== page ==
2019 proved to be an especially busy year for Diller Scofidio + Renfro. The interdisciplinary design firm’s co-founding partner, Liz Diller repeatedly garnered headlines; first in the spring with the highly anticipated opening of The Shed, and then in the autumn with the eagerly awaited revamp of the Museum of Modern Art – both high-profile projects on home turf whose influence extends far beyond the physical architecture. 

The Shed is housed in an innovative eight-level building and features state-of-the-art gallery, rehearsal and performance spaces, and an already-iconic telescoping outer shell that can be deployed to transform the adjoining outdoor plaza into a mammoth performance hall. It supports the non-profit cultural organisation’s mission to integrate the arts, but also asks what a contemporary cultural institution should look like. A welcome counterpoint to Hudson Yards’ more shamelessly commercial developments, The Shed presents a more egalitarian way of experiencing culture – made possible by its architecture.

‘Architecture must play a role in giving audiences the much-needed agency to determine their own experience’ 

While The Shed pioneers a new vision for the arts, the expansion of MoMA saw DS+R use architecture to re-energise an existing institution. Despite the project’s controversial beginnings – early plans called for the demolition of the neighbouring American Folk Art Museum – the end result has been a much-welcomed net gain of gallery space, studio space, a new creativity lab, an expanded store, and a new café and outdoor terrace that fortifies the museum’s standing and future plans.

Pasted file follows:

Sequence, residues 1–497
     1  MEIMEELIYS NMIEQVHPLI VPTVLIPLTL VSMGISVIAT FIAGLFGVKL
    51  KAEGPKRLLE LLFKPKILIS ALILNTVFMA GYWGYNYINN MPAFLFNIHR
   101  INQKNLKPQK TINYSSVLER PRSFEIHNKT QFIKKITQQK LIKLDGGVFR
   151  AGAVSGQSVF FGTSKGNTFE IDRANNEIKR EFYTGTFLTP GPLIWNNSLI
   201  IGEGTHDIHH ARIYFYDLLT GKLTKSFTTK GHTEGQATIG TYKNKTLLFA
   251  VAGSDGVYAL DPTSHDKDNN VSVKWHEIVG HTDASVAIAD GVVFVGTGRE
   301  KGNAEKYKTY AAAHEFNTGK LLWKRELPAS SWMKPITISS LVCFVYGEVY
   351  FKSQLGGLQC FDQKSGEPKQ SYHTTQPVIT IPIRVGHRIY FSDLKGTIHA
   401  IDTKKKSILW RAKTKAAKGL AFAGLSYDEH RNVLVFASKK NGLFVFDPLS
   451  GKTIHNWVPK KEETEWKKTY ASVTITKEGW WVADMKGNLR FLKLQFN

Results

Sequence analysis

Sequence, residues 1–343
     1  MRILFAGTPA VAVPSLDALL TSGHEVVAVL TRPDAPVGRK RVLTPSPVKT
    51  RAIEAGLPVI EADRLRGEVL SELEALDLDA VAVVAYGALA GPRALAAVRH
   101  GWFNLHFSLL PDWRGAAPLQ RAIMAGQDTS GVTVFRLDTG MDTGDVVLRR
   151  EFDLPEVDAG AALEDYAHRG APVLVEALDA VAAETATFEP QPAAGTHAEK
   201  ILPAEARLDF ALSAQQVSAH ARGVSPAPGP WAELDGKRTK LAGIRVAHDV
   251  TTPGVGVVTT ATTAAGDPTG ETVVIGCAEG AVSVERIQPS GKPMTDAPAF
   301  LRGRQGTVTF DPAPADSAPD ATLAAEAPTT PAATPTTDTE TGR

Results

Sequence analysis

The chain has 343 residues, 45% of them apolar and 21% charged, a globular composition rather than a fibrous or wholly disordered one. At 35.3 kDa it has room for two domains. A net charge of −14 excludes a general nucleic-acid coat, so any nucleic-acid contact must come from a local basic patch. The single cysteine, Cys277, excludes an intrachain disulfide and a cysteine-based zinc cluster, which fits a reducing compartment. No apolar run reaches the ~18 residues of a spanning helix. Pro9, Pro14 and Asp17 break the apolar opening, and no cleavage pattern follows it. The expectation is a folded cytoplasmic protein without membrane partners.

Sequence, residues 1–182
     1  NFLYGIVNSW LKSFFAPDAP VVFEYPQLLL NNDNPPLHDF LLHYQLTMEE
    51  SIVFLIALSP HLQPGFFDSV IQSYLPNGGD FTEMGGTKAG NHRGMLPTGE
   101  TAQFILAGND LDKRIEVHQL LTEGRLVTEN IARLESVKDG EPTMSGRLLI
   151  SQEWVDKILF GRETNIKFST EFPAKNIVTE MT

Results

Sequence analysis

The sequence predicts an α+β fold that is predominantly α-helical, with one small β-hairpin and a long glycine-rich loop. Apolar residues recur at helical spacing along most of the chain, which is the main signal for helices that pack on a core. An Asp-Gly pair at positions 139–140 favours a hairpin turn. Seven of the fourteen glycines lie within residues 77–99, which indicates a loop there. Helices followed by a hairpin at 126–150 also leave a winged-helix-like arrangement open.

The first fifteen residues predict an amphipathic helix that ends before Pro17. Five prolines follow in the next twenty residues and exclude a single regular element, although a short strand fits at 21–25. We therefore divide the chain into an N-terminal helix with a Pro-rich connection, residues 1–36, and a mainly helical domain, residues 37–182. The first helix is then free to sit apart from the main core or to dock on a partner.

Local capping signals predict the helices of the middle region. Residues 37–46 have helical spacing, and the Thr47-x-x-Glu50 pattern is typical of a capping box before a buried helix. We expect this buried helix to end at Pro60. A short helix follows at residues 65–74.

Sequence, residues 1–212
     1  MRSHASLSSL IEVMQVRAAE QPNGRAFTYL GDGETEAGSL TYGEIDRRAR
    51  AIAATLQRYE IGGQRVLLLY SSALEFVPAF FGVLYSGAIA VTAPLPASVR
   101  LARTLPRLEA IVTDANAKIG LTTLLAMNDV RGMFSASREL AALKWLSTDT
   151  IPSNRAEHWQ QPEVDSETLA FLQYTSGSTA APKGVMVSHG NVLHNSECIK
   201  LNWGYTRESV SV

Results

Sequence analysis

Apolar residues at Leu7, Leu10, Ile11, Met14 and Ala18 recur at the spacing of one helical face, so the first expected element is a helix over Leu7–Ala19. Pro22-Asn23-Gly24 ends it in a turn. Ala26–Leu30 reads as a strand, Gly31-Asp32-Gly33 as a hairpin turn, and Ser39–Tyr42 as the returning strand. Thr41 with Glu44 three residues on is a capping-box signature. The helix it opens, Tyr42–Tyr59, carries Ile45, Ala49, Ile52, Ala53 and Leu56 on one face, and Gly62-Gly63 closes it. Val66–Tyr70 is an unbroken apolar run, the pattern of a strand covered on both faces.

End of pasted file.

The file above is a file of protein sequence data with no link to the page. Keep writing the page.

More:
Inside the new MoMA by DS+R in 2019
DS+R’s eagerly awaited revamp of the Museum of Modern Art in New York. Photography: Iwan Baan

‘The two projects couldn’t be more different: one tweaks the inherited institution; the other is a start-up that tests a new paradigm,’ Diller reflects. ‘On the one side, we worked with MoMA, a well-established institution with a great legacy that carries the weight of the history of modernism on its shoulders. We helped them expose their vast collection in new ways that challenge the way the history of the last century was told.’

‘In contrast, we also worked on The Shed, a new platform that breaks down disciplinary barriers and the distinction between high/low culture,’ she adds. ‘This new organism is infrastructure responsive to the changing needs of artists, and less dependent on philanthropic dollars.’

Having played such a significant role in shaping the contemporary cultural landscape in New York – our Best City for 2020, Diller has unique insights into the evolution of public institutions. ‘Museums are not just repositories for art; they must act as civic entities that engage diverse audiences, offerings and activities,’ she says. ‘The authority of the museum has broken down and museums can no longer tell single narratives that carry the truth. The one-way monologue from the authoritative museum to the audience has broken down and architecture must play a role in giving audiences the much-needed agency to determine their own experience.’ §